MILL VALLEY, Calif., Oct. 11, 2017 /PRNewswire/ -- Glassdoor, one of the world's largest and fastest-growing job sites1, today revealed a new study providing statistical evidence that its "give to get" policy reduces extremely negative and extremely positive reviews across Glassdoor. The give to get policy requires a user contributes content to Glassdoor (e.g., reviews, salary reports) in order gain access to all the rich information about companies.2 Unlike online review sites without this type of data collection method, the study shows that when company reviews on Glassdoor are collected via the give to get policy, they are more evenly distributed across the 5-point ratings scale, providing a more balanced look at companies. In fact, when we look across all reviews published on Glassdoor, 73 percent of employees say they are 'ok' or 'satisfied' with their jobs and companies.3
The study, Give to Get: A Mechanism to Reduce Bias in Online Reviews, is based on a sample of more than 116,000 U.S. company reviews submitted to Glassdoor between 2013 and 2016. To understand how Glassdoor provides more balanced reviews, it compares the difference in distribution of star ratings4 for people who faced the give to get policy with a statistically matched control group that did not face the policy.
"This study gives strong evidence that company reviews on Glassdoor are more balanced because of the way they are collected. The policy creates incentive for people to contribute to the site, who may otherwise opt out. It should help quell misconceptions that employees only provide really positive or really negative opinions about companies on Glassdoor. The data show that's not the case -- Glassdoor's give to get policy creates a more balanced picture of companies," said Dr. Andrew Chamberlain, Glassdoor chief economist.
Give to Get Policy Encourages Balance
While research supports the idea that many online review sites suffer from polarization bias5, Glassdoor's give to get policy reduces this bias. The give to get policy statistically reduces the likelihood of extreme 1-star reviews by 3.6 percentage points and 5-star reviews by 2.1 percentage points. Further, it increases the likelihood of more moderate 3- (2.6 percentage points) and 4-star reviews (2.9 percentage points).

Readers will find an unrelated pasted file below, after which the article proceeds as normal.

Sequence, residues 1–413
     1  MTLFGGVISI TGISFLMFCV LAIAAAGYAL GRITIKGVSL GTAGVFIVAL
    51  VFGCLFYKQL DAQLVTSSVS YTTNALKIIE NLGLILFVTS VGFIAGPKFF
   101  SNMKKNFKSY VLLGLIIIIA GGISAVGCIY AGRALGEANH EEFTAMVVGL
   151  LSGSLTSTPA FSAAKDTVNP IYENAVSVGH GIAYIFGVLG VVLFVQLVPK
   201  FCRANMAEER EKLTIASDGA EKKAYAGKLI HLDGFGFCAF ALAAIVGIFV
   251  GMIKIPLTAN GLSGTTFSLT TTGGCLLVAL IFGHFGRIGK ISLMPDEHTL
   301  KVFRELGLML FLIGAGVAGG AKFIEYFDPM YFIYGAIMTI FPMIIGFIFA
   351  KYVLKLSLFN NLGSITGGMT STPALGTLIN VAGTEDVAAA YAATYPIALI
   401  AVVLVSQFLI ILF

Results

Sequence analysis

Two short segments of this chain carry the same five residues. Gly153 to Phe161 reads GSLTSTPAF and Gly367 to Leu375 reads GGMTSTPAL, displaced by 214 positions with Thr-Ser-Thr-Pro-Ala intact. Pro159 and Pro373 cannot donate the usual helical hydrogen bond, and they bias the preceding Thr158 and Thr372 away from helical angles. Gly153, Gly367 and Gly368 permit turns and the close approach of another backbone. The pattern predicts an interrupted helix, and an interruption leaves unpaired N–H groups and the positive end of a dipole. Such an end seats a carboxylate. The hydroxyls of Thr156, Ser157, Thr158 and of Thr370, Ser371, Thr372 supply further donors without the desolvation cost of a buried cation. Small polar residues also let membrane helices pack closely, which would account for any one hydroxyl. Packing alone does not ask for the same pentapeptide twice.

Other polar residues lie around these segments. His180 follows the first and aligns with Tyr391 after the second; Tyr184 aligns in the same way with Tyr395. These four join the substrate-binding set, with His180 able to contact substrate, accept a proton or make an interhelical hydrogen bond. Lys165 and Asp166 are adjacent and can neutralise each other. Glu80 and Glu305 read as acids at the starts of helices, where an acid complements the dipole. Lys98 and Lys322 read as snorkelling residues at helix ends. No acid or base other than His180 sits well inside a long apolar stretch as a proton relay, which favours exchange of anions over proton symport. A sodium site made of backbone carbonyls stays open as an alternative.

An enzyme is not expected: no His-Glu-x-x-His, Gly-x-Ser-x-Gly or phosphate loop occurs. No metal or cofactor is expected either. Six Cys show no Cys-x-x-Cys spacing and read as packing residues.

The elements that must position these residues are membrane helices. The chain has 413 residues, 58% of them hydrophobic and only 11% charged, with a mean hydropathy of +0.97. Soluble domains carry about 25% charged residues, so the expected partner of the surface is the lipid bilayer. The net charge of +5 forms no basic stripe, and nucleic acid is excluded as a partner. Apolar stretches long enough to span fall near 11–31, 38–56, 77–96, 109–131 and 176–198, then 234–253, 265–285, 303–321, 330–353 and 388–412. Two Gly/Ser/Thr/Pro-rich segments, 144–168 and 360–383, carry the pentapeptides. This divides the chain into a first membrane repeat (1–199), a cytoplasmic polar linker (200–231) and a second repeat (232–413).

Beyond increasing the likelihood of more moderate reviews, Glassdoor's give to get policy creates more evenly distributed ratings across the 5-point scale. When comparing reviews collected when faced with the give to get policy to those collected voluntarily (the control group), this study finds an increase in more moderate 3-, and 4-star reviews collected via the give to get policy.
Glassdoor's Millions of Reviews & Insights Help Employers Hire More Informed Candidates
Glassdoor is powerful because it pairs all of the open online jobs with 35 million reviews and insights for more than 700,000 companies to help people find a job that fits their life.6 This results in a more informed, higher quality candidate. Hiring decision makers believe the immediate benefits to interviewing informed candidates are an improved candidate experience, reduced time to hire and improved hiring manager satisfaction. When an informed candidate gets hired and becomes an employee, the benefits to an organization become more profound. Four in ten (42 percent) of hiring decision makers report that hiring informed candidates leads to both improved employee retention and increased productivity.7 For more about the recruiting challenges hiring decision makers face, visit the Glassdoor for Employers Blog.
To speak with a Glassdoor spokesperson about this research or how Glassdoor helps employers hire more informed candidates, contact email@example.com.
Glassdoor is one of the largest and fastest growing job sites in the world today. Set apart by the tens of millions of reviews and insights provided by employees and candidates, Glassdoor combines all the jobs with this valuable data to make it easy for people to find a job that is uniquely right for them. As a result, Glassdoor helps employers hire truly informed candidates at scale through effective recruiting solutions like job advertising and employer branding products. Launched in 2008, Glassdoor now has reviews and insights for more than 700,000 companies in more than 190 countries. For labor market trends and analysis, visit Glassdoor Economic Research. For company news and career advice and tips, visit the Glassdoor Blog and for employer-related news and insights to help employers hire, visit the Glassdoor for Employers Blog. Visit Glassdoor.com or download our apps on iOS and Android platforms.
Glassdoor® is a registered trademark of Glassdoor, Inc.
1 comScore Media Metrix, July 2017
2 While access to reviews on Glassdoor is free, a contribution of a review or salary report is required for unlimited 12 month access. For more on the give to get policy, see the Help Center: http://help.glassdoor.com/article/Give-to-get-policy/en_US. Searching for jobs on Glassdoor is free and does not require submission of a review or salary report.
3 Employees defined as those full time, part time, contract, intern, freelancer. Glassdoor Internal Data, June 2017
4 Company ratings on Glassdoor are based on a 5-point scale: 1.0=very dissatisfied, 3.0=OK, 5.0=very satisfied.
5 See full study, "Give to Get: A Mechanism to Reduce Bias in Online Reviews" (October 2017) by Andrew Chamberlain and Morgan Smart, Glassdoor Economic Research, p. 4, Section II.
6 Glassdoor Internal Data, September 2017
7 Glassdoor, Informed Candidate Survey, August 2017